Professor of Political Economy and Development in the Department of International Development Robert Wade shares a comment and elaboration on a new book by Clara Mattei, The Capital Order: How Economists Invented Austerity and Paved the Way to Fascism. This was originally delivered by Professor Wade as a presentation at a book launch conference at LSE on 9 November 2022.
Clara Mattei’s excellent book (University of Chicago Press 2022) focuses on the British, Italian and wider European movement – of capitalists, politicians, and especially the “economic technocracy” including academic economists – to restore the pre-World War One capitalist system after the end of the war. That restoration was challenged by workers and intellectuals (including Gramsci) inspired by the new political-economy order in operation during the war, when belligerent governments became actively interventionist in the economy, allocating resources into military and civilian industries and controlling the labour market. There was wide popular support after World War One for continuing with a more active role of government in resource allocation and labour markets, including a welfare state.
This constituted a “structural crisis of capitalism”, in Mattei’s term. The economic technocracy in Italy and Britain, and many other countries, urgently focused on how to restore the fully capitalist model, based on private property, market allocation of resources, and the wage relationship whereby most of the population depended on selling their time and attention to a much smaller number of buyers of their labour power, with most of the balance between revenues and wage costs accruing to the owners of capital as profit, and not, for example, as taxes to finance public spending. The capitalist logic to be restored was: no profit, no production, no employment.
The emerging strategy for restoring the “capital order” in the post-war years was the state’s “austerity agenda” focused on lowering taxes (especially on the wealthy), cutting government spending on welfare-related activities, tightening monetary conditions, and limiting the workers’ rights to unionize and protest. The intended outcome of austerity was wide scope for private enterprise, income highly concentrated in the hands of those who saved and invested rather than those who consumed, and especially, disempowered workers. This would pave the way to “social harmony” in society, with people in their proper status, and “fair” distribution of prosperity. Also, internationally, the agenda promoted – in some countries more than others – free trade and free capital mobility.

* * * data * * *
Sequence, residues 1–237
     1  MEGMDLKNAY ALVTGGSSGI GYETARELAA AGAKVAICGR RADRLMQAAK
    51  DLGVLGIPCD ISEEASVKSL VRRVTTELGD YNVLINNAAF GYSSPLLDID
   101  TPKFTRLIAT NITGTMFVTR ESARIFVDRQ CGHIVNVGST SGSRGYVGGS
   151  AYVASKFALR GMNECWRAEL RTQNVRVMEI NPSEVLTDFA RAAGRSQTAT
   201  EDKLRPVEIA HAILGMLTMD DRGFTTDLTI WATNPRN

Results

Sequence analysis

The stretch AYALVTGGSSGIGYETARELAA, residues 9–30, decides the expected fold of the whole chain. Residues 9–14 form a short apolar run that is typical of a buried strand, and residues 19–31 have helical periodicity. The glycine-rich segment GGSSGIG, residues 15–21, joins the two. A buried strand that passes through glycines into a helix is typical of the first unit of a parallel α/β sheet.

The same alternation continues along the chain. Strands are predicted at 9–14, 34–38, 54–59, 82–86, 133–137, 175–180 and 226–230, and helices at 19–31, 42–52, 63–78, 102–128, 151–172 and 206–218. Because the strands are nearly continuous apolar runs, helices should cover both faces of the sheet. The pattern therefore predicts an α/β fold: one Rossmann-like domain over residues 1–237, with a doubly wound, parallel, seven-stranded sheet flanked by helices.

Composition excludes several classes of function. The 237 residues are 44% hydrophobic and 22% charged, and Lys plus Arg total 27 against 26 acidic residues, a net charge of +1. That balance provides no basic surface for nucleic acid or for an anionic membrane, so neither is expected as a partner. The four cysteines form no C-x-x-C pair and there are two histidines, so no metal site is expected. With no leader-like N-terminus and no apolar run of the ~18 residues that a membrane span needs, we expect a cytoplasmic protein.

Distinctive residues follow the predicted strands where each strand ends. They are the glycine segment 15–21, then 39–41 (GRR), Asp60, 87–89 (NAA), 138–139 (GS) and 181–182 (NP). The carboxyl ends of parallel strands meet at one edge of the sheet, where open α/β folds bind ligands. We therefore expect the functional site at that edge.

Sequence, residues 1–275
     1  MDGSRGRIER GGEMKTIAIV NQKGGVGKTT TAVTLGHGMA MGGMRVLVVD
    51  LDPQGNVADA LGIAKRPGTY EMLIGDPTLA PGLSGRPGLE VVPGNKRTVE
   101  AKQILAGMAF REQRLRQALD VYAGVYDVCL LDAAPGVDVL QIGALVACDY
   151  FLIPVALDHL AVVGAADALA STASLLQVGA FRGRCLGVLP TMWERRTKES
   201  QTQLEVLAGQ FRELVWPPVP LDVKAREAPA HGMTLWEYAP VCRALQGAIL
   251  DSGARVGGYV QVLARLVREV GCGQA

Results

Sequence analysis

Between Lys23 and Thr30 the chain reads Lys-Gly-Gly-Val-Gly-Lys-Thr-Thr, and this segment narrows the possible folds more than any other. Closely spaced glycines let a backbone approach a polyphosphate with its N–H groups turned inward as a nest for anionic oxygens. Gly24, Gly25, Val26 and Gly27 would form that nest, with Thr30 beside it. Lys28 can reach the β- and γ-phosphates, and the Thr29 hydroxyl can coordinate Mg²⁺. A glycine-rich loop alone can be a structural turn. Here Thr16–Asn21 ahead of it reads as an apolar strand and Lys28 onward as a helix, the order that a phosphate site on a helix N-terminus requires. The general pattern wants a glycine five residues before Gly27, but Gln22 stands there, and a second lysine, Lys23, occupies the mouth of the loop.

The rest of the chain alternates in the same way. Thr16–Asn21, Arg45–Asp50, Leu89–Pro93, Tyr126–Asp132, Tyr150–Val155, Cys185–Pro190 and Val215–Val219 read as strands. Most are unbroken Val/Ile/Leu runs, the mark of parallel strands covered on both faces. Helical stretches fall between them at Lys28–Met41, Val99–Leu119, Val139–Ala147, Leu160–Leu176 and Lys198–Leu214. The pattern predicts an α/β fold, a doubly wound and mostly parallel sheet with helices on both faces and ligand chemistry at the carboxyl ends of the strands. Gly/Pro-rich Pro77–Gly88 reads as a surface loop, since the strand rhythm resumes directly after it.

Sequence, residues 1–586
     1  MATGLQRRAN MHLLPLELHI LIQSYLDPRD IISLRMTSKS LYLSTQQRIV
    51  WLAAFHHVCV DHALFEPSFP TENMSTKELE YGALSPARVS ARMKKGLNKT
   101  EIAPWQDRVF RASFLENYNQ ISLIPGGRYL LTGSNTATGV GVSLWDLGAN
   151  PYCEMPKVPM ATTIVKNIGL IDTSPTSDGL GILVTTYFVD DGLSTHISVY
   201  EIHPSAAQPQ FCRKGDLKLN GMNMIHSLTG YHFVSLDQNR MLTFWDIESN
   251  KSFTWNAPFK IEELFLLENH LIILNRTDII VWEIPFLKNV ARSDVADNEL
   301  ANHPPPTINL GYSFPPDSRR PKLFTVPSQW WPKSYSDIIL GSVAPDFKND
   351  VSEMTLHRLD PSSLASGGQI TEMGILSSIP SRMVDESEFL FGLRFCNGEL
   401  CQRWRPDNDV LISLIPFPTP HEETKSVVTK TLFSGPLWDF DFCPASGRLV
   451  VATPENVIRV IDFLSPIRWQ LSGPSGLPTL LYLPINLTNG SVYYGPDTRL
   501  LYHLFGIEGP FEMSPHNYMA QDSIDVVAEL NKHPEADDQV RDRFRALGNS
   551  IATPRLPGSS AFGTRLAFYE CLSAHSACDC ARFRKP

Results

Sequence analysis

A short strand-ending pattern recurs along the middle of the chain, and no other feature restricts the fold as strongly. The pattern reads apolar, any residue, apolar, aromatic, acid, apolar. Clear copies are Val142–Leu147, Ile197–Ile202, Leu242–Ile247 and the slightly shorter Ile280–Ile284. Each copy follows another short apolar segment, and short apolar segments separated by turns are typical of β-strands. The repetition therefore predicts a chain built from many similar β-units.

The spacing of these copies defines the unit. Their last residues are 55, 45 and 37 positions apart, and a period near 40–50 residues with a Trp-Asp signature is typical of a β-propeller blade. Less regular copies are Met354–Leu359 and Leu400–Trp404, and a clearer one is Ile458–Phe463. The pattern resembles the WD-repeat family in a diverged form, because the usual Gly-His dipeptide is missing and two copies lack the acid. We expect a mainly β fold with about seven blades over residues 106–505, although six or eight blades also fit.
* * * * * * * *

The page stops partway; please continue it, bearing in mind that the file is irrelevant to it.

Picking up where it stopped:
The underpinning idea was a deep distrust of the state and government, and a trust in markets (assuming markets to be competitive rather than monopolistic).
“The capital order” in wider context beyond Britain and Italy after World War One
Mattei’s account of the post-World War One debate between those who championed the austerity agenda and a return to something like the pre-war political economy, and those who wanted to bring forward into the post-war years a more active role of the state in the economy inspired by the dirigiste role of the war-time state, focuses narrowly on Italy and Britain.
We can put it in wider context by starting with Alexander Hamilton’s question. Hamilton began the Federalist Papers, in 1787, by saying that US independence offered an experiment to decide “whether societies of men are really capable or not of establishing good government from reflection and choice”. Hamilton said “yes”, and went on to originate the “infant industry argument” for state-led industrialization in the US, later adopted by Japan, Germany, Russia, and after World War Two, countries of Northeast Asia.1
Those who pushed back and said “no” to this positive role of the state came later to be known as “neoliberals” and their approach or mindset, the “neoliberal” paradigm. It championed “austerity” in fiscal, monetary and industrial realms as the way to protect and strengthen the “capital order”.
Unsurprisingly, the “neoliberal” movement opposed the surge in popular and political support for democracy, even before World War One – for the idea that the people, operating through elected political representatives, were the highest authority in each nation state, and entitled to write laws, property rights and contracts in the “public interest”.
The neoliberal movement, with its distrust of the state and trust in the market, resisted this notion of the good society and the appropriate role of government in a democracy.
Since we are at LSE, let me make the point that LSE in its departments of Economics and of Government has been a leading center of neoliberal philosophy going back to the early decades of the 20th century. Two of LSE’s leading economists were exponents of neoliberal philosophy as applied to economics: namely, Lionel Robbins and Friedrich Hayek. Robbins was appointed to the Economics faculty of LSE in 1925 and retired in 1961, 36 years later. He was “eminence gris” of all things LSE and built up a group of economists of free-market and anti-Keynesian views. (Robbins remains the only person at LSE commemorated with a bust of his head, made by his son and proudly displayed at the entrance to the LSE library, as though still the presiding angel.) Hayek joined LSE as Professor of Economics and Statistics at LSE in 1931 at Robbins’ invitation and stayed till 1950, nineteen years, boosting LSE’s reputation as a major center of anti-Keynesian neoliberal philosophy.2 Hayek imported his bosom friend Karl Popper after the Second World War to head up LSE Philosophy. They were complemented by Michael Oakshott, a famously conservative political philosopher and “baron” of political science at LSE. Oakshott was appointed to LSE in 1951 and remained till 1980, 29 years. However, LSE also had distinguished professors of very non-neoliberal views, notably William Beveridge and Harold Laski; its faculty was not monolithically neoliberal.